Creating a mental picture is not enough if there is not an action that reinforces this picture. Kids love toys because they help them bring their imagination – their mental pictures – to life.
In the same way you can make their mental pictures stick by letting your kids feel experience the value of money.
Showing them different denominations.
When you sense they are ready, teach them the difference between different denominations of money. Use size, color, texture, design, and material to explain the difference between a dollar and a penny, and a hundred dollar bill from a one dollar note.
Let them keep the bills and regularly interact with the coins (take caution for younger kids as leaving them with coins will present the risk of swallowing them). Having them learn how to count up their coins and dollars can help them with general math skills, too!
Using an allowance as a money management tool.
Allowances can be a powerful tool to teach your kids money management lessons. It can teach them patience for long-term goals and budgeting their spending in the short-term.
For example, if the child spends an allowance that was budgeted to last for a whole week in a day, do not add any money until week is over. This will teach them that money is not infinite or available on demand, even after they are grown.
Make it fun and inspiring.
Use a clear jar so that your kids can see the progress of their savings. This will inspire your kids to save towards their goals. It will also discourage them from prematurely withdrawing the savings.
Another way to making saving fun is to use a money stealing saving box. A good example of such a box is the panda money box. My kid enjoys it when each coin she places on the box opening is stolen by the panda after pressing the trigger button.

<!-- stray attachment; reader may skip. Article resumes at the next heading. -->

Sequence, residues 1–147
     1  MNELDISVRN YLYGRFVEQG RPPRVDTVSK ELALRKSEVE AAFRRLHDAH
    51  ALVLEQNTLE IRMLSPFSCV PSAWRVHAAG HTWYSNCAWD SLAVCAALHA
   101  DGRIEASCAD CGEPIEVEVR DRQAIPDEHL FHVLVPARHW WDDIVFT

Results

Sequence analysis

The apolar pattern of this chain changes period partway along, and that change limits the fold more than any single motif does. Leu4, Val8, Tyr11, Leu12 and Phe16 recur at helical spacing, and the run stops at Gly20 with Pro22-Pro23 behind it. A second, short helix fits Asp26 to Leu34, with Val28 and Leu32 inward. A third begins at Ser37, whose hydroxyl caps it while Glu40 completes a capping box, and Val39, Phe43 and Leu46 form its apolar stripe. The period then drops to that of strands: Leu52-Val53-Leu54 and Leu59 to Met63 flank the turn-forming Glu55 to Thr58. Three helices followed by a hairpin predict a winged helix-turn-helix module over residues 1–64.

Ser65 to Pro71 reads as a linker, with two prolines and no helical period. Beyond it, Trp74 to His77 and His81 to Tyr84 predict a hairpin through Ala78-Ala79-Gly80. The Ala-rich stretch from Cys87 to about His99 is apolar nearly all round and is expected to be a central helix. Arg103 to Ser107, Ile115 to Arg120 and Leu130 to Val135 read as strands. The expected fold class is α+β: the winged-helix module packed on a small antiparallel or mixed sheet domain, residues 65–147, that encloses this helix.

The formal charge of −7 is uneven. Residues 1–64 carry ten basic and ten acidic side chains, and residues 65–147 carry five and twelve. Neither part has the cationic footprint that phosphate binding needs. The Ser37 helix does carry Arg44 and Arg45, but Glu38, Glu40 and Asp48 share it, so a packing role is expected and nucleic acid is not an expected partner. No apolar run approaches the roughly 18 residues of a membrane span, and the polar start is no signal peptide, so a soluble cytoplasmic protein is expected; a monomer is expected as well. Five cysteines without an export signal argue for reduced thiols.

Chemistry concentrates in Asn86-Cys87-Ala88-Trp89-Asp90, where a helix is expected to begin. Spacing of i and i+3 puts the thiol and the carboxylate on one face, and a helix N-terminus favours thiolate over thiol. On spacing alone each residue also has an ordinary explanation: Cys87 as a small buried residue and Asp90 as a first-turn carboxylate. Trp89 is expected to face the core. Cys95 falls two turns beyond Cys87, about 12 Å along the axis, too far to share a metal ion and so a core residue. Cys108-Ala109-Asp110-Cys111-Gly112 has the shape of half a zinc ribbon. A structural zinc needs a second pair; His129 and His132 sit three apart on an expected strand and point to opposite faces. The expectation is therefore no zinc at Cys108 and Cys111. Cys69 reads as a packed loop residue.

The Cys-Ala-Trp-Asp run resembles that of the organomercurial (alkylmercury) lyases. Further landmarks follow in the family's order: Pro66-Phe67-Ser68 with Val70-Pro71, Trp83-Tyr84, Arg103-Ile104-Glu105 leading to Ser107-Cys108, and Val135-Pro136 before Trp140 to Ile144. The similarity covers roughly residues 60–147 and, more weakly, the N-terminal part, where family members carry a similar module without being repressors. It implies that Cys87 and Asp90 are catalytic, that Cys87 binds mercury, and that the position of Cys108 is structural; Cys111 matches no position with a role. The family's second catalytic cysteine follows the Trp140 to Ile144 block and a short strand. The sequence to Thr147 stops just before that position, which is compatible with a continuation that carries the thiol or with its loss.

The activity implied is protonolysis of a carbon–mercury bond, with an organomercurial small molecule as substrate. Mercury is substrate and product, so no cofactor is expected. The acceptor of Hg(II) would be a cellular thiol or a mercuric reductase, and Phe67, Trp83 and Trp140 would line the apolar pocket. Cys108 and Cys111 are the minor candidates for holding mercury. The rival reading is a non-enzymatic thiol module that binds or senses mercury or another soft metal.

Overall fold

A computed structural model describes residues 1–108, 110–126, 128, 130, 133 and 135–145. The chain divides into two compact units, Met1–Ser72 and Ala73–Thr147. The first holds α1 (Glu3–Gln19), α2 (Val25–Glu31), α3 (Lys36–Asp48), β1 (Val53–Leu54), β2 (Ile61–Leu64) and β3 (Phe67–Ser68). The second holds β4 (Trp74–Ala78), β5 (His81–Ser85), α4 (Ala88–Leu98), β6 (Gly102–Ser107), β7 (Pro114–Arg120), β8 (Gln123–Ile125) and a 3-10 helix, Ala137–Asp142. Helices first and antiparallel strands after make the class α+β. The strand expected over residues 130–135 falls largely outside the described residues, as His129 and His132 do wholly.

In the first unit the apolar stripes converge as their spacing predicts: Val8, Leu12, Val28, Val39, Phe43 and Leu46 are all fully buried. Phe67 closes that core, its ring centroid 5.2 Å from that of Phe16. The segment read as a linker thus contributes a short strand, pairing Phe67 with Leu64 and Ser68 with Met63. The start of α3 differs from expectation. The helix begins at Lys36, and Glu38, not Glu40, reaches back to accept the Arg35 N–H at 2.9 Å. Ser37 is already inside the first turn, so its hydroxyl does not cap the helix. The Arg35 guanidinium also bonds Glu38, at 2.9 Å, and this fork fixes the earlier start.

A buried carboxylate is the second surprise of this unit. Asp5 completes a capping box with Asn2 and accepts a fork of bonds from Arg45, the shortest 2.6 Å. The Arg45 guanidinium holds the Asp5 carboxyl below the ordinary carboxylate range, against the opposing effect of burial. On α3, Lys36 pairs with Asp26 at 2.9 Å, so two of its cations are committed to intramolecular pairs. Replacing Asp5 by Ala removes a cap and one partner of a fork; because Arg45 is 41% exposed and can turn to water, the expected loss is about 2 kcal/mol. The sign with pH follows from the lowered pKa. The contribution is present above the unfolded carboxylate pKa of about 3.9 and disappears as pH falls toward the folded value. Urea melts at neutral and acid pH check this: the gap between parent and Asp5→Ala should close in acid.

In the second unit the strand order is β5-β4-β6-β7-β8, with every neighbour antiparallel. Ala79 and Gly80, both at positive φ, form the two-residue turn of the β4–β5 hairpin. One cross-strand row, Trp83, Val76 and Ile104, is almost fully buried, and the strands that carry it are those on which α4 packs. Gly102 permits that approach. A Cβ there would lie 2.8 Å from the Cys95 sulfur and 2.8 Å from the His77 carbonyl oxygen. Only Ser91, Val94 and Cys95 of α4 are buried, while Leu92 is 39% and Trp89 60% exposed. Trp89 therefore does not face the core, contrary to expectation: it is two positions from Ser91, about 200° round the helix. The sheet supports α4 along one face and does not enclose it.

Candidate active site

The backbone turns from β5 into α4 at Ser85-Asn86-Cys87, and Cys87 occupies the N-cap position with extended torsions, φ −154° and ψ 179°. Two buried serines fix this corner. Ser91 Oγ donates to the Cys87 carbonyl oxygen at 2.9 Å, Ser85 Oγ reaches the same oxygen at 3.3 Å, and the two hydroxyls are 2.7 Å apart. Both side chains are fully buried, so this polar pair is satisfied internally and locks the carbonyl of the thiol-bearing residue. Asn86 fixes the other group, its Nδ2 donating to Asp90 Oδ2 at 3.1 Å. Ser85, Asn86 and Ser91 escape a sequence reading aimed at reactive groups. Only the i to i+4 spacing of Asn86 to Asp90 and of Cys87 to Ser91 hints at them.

Be a Mirror
Children mirror behavior more than words. What you do influences your kids more than what you tell them. If you want them to save, show them you are saving. If you want them to budget, regularly ask them to help you with budgeting.
Sharon Letcher, coauthor of Rich Dad, Poor Dad: What the Rich Teach Their Kids about Money advises, “You don’t have to be afraid to share money concepts with your kids – even if you’re having financial challenges.”
She says that sharing personal finance knowledge provides a chance for the whole family to jointly learn new skills.
Bryon Lewis in his article, “5 Things You Must Do To Help Your Children Make Good Financial Decisions,” agrees. “When you talk to your kids about money it removes the mystery and helps them make smart choices. It might initially feel awkward but do not let your uneasiness cause you to miss opportunities to teach important lessons.”
Do you want to be the example of what you want from your kids?
Do not grant their requests for money immediately.
If the request does not arise from a legit need (like materials for school), delay their gratification. Is your kid crying for a toy yet she has a cupboard full of them? Instead of meeting their request now, add it in next month’s budget.
In addition to patience, the delay teaches kids that availability of disposable income does not translate to using it for an unnecessary expenditure.
You might hear some whining, but be firm. It is a natural thing for kids to want something immediately. However, it is not a natural thing to always have disposable cash.
Let them work for the money.
Money is something you earn, not something you are entitled to. Children need to learn money is the reward for hard work. Teaching such a lesson to your kid will make him know the value of money.
My 9-year-old grade-schooler wants a bicycle. And it’s expensive! We decided to split the price of the bicycle between the two of us. He has chores he can do and be paid for to earn his half of the money for the bike.
If he really wants the bicycle, he will find other ways to work harder, earn quicker, and get his bike sooner.
Let them hold a yard sale.
An excellent way of acquiring money is disposing items that you currently don’t need is to hold a yard sale. Help your kids learn this smart money hack by setting up a yard sale for their old toys, books, and clothing.
Show them how to polish and mend items to add value and therefore fetch better price on them.
Gift Them with Stories
A picture speaks a thousand words. A story teaches a thousand lessons.
The power of stories can be harnessed to raise a money smart kid. Are there stories you read or heard that have insightful money lessons? Add a little imagination and tailor it so that the message is relatable to your kids.
When I was a kid, my mum told me a story about a kid, Shaline, who was saving for a toy but saw her friend eating a delicious chocolate. She was torn between staying faithful to her saving goals and satisfying her immediate wants. In the end, she used her savings to buy the chocolate.